Security Sector Reform in West Africa Topic of ACSS Workshop in Senegal

By Africa Center for Strategic Studies
Updated: 10/16/2012

Security Sector Reform Walking in DiscussionView Photos of the Event

DAKAR, Senegal – Security professionals from nine West African nations plus the United States and Europe gathered in the Senegalese capital of Dakar beginning October 15, 2012, to discuss the critical issue of Security Sector Reform (SSR) in a workshop co-sponsored by the Washington, D.C.,-based Africa Center for Strategic Studies and the U.S. Embassy in Dakar.

Speakers during the workshops opening days included U.S. Ambassador to Senegal and Guinea Bissau Lewis Lukens; Senegalese Minister of the Armed Forces Augustin Tine; and Academic Dean of the Africa Center Dr. Monde Muyangwa.

The workshop, scheduled to run through October 19, brought together senior-level civilian security and military officers from across Western Africa, international experts, and European and U.S. government officials to focus on practical steps and measures to achieve meaningful SSR and to allow stability and human protection to become the norm in the region. Approximately 46 participants from Burkina Faso, Ivory Coast, Ghana, Guinea, Liberia, Niger, Nigeria, Senegal, Sierra Leone and the United States were taking part in the event.

Security-Sector-Reform-Group-Photo-2012Participants were drawn from the military, the police, the gendarmerie, and relevant government departments handling security and defense issues. Members of leading organizations from inside and outside the region, academics and international experts, and government officials from the United States were been invited. Dr. Monde Muyangwa hosted the opening.

Dr. Monde Muyangwa, the ACSS Academic Dean, began her remarks by noting the high ranking and distinguished participants engaging in this very important discussion.

“We have a huge task ahead of us this week,” Muyangwa said, “but I have no doubt that with the wealth of experience that is represented by the 46 participants that are here, we will achieve our goal — which is to find a better way of improving and delivering security to the citizens of West Africa.”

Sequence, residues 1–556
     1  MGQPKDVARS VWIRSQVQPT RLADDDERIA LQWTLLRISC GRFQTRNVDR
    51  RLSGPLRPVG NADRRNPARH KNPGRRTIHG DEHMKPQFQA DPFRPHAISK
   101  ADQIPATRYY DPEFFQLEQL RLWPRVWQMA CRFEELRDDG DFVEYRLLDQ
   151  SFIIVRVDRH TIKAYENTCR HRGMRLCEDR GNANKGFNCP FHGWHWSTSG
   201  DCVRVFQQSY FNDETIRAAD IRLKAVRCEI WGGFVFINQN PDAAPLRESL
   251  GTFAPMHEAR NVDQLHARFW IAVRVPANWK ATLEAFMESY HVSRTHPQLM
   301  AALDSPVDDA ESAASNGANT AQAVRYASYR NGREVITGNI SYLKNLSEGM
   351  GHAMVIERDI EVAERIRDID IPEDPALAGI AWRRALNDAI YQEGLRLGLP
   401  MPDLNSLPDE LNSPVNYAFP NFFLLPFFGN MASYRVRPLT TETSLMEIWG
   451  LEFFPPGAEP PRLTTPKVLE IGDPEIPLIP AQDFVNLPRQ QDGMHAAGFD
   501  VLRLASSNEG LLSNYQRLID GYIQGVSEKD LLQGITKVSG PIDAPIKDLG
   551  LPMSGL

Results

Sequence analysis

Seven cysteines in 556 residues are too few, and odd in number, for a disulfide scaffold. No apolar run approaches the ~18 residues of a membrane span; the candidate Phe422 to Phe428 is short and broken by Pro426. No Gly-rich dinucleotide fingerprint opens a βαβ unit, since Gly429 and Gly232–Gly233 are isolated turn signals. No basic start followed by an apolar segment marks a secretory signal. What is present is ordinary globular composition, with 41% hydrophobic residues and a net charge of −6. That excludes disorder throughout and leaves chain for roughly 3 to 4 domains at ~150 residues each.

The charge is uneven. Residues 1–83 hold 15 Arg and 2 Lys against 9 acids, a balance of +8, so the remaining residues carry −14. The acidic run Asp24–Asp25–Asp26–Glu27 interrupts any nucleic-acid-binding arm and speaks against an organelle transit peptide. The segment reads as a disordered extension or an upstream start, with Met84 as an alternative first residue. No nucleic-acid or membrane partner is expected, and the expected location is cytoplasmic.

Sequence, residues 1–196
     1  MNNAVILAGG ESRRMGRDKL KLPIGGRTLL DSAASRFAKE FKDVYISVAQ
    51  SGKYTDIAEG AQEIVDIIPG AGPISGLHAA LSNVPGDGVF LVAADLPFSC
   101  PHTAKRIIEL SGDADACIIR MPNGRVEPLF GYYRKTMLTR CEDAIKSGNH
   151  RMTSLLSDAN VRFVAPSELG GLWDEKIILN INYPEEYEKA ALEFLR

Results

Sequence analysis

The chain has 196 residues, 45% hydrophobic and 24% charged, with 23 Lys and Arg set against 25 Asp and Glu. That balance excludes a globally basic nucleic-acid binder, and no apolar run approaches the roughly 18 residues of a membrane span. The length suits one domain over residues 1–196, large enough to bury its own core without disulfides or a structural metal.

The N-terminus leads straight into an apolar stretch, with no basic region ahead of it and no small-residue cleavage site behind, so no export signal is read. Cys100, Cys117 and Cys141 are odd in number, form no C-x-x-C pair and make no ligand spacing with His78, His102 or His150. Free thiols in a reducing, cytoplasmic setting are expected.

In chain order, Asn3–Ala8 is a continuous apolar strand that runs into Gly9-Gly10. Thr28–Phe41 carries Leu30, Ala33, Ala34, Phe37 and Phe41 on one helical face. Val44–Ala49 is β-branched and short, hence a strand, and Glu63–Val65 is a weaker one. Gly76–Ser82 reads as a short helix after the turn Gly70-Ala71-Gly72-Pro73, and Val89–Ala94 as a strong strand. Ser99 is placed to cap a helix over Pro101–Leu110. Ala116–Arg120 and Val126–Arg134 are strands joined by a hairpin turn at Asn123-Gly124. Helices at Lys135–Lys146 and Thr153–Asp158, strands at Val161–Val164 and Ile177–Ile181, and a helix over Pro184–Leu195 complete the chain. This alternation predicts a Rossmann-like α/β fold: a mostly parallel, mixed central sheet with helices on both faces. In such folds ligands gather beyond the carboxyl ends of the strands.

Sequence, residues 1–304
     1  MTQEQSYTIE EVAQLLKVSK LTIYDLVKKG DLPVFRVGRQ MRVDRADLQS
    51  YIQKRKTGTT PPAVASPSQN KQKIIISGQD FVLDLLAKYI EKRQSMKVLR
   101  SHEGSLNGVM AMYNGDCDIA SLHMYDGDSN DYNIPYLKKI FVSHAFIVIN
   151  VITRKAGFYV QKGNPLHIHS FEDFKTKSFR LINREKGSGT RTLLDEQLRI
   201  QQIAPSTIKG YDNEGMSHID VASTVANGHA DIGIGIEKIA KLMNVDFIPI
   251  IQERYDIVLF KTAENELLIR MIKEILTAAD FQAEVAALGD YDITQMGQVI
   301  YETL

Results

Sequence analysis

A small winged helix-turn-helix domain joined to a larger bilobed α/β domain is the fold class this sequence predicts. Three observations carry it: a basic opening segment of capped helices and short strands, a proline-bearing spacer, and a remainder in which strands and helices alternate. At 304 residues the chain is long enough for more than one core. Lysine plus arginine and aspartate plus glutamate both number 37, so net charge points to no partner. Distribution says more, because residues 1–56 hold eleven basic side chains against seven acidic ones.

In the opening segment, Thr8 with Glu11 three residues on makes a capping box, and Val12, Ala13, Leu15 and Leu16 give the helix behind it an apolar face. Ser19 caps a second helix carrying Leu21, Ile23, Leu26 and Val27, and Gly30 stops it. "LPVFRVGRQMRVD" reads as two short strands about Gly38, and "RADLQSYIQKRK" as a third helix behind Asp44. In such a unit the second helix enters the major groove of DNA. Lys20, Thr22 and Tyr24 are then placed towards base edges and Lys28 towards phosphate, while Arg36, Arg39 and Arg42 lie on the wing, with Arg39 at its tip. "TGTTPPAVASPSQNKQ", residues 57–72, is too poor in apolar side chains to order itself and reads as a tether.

Lukens, the U.S. Ambassador to Senegal, told the participants the  workshop will give them the opportunity to discuss current security challenges in participating nations while also giving security sector professionals the opportunity to develop possible solutions.

Dean Speaking“This [workshop] is significant,” Lukens said.  “It shows the strength and solidarity of our partnership here and demonstrates an increased awareness by the United States, by Senegal, and by other governments in partners in the region that security is a priority for you.”  (Click here for Amb. Lukens’ remarks)

In his opening remarks, Minister of the Armed Forces Augustin Tine touched upon the need for African governments to reform their security sectors in order to achieve professional security institutions that meet the needs of citizens, society and state.

“Reform is necessary because our armed forces must adapt to the socio-economic realities of our countries and to new forms of threats,” Tine said. “This reform is also necessitated by the requirement of pooling forces to respond effectively and in a coordinated fashion to threats that challenge our sub-region.  We now have the dual challenge of building a powerful defense system in line with our human resources and our budgetary resources.” (Click here for Minister Tine’s remarks)

The SSR workshop in Dakar was designed to provide security-sector professionals with the opportunity to analyze the security challenges facing West Africa, the reasons underpinning insecurity in the region, and to review the efficacy of current efforts to enhance safety measures for citizens.

The workshop schedule included plenary sessions and discussion group sessions involving experienced African, U.S., and international facilitators from academic institutions, policy-focused organizations, and government agencies.